And then I got stuck in Bolivia.

The time had finally come, I was finally ready to move on from Sucre, Bolivia. Except I couldn’t. I ended up being stuck for another 15 days. I am a planner. I did a ton of research before I left. Research says you need to have a back-up for your ATM card and then if you want to be really careful have a back-up for your back-up. So, I did. When I went to use my primary ATM card (which I had been using without issue for three months) and I got a message saying it had been destroyed by an ATM machine “for my protection” I didn’t panic. I was annoyed but I just used my back-up card which was pre-authorized to be used abroad. Except since I hadn’t used it in three months and I was in Bolivia where if something can go wrong it will go wrong… when I tried to use the card it triggered some alarm with the bank at home and was shut off permanently. You know, also  for my protection. More pissed but I still didn’t panic. When I realized that my third ATM card, the back-up for my back-up was actually expired because honestly who uses there back-up for their back-up… that was when I started to panic.

At that point I was still hanging out in Sucre for a bit and thankfully I had made lots of good friends from the hostel that I could borrow money from. Bolivia is dirt cheap so I managed to live on about $145 that I borrowed (including a few drown my sorrows during happy hour mojitos) for the next 15 days. My parents were able to get me replacement cards and when they arrived my sister was able to overnight FedEx me a package through a work connection. FedEx should have taken no more then two days. It took 17 days.

My phone booth buddy.

My phone booth buddy.

The package was lost in Bolivia. Not good. Everyday I would walk to a small store and call the Bolivian FedEx Office. More then half the time the number wouldn’t connect. The majority of the other times no one answered. The few times I actually spoke with a real person and I was sent on a wild goose chase. I went to many places around Sucre where my package might, maybe, possibly, should, definitely will be but never was. I held it together. As soon as I would walk back to the hostel every bartender, maid, office worker and all my friends would ask the same question… did you get your package?!?! I had the pleasure of saying at least 10 times a day, no, it’s still lost. The day I finally found it I went to three stores in three different parts of the city probably walking a good seven miles because I didn’t have cab money (which in hindsight would have been about $3). When I finally found it I cried for the first time on my trip (wasn’t too dehydrated to make tears this time.) I went to the ATM and then went to a nice restaurant and ordered a giant ice cream brownie in celebration! When I got back I shouted it from the balcony that my package finally arrived – there was lots of cheering! I paid my friends back, paid my remaining bill at the hostel and peaced out the next day for La Paz, Bolivia.

My package FINALLY arrived including a fun new scarf.

My package FINALLY arrived including a fun new scarf.

La Paz is a crazy-intense, super hilly city located about 12,000ft above sea level.  I had been warned quite a bit about how dangerous La Paz can be so I was pretty nervous. Everything in La Paz is a struggle. It seems no matter what direction you are going in it is uphill and at 12,000 feet every breath takes a bit of effort. I was thrilled to meet up with Josta (someone I would later run into many times throughout my travels) so that I had someone to do some exploring with. The city really is amazing. So big, so crowd, so much going on but like I said, kinda nerve racking too. Together Josta and I did some exploring and some shopping! For me La Paz was really just a layover on my way to Rurrenabaque and to be honest, I couldn’t get away fast enough.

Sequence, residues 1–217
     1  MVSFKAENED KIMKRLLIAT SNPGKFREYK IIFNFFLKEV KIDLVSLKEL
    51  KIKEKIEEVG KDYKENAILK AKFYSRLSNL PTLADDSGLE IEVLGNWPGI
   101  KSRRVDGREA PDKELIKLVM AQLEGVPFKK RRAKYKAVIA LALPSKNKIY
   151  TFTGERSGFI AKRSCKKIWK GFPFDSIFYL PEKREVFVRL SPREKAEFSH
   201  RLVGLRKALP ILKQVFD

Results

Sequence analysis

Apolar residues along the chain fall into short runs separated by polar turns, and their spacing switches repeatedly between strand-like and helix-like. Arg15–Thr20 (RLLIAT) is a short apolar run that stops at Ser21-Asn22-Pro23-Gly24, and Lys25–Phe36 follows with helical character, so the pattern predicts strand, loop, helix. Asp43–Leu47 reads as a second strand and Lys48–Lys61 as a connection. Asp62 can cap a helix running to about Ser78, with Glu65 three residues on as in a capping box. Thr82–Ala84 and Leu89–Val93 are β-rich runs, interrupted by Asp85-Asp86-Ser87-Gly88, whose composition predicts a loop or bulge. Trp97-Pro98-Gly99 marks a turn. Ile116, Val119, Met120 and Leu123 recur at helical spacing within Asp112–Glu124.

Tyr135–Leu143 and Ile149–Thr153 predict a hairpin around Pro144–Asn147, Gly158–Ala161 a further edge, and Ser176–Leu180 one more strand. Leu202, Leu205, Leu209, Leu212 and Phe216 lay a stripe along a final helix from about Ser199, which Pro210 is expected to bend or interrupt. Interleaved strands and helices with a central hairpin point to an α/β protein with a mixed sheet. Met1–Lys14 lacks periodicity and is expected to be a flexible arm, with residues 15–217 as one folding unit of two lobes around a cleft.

I ended up having to spend three freezing nights wrapped up in my llama sweater and avoiding going out at night. If you want to you can make La Paz a real party city but it just wasn’t my scene and I never felt safe. I just ate bad hostel food and read a lot while I was there. I finally had a semi decent wifi connection and was able to call home too which was nice!

You're not legit on the South America backpacker scene without a llama sweater. (Ellen, I'm talking to you!)

You’re not legit on the South America backpacker scene without a llama sweater. (Ellen, I’m talking to you!)

Beside shopping with Josta my favorite thing in the city was going up the metro cable. The metro cable in La Paz is so modern it is almost too modern. It is beautiful and efficent though. You fly over a HUGE cemetery. I’m bad at guessing space but I would say at least 5 football fields worth of cemetery. Crazy. Also you go over some decent areas of the city and lots of slums. The bird’s eye view is a little sad but mostly amazing.

 

After my Amazon tour I had a had two more days in La Paz. I was more then ready to leave and excited to head into Peru!

 

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2 thoughts on “And then I got stuck in Bolivia.

  1. Hi Sarah~ So glad to get your updates and it sounds like you’ve been having a great time and quite the adventure! You’ve got all the skills to handle the misadventures as well…good handle on the language and great people skills!

    I hope you enjoy the rest of your adventure! Cheers. Mo

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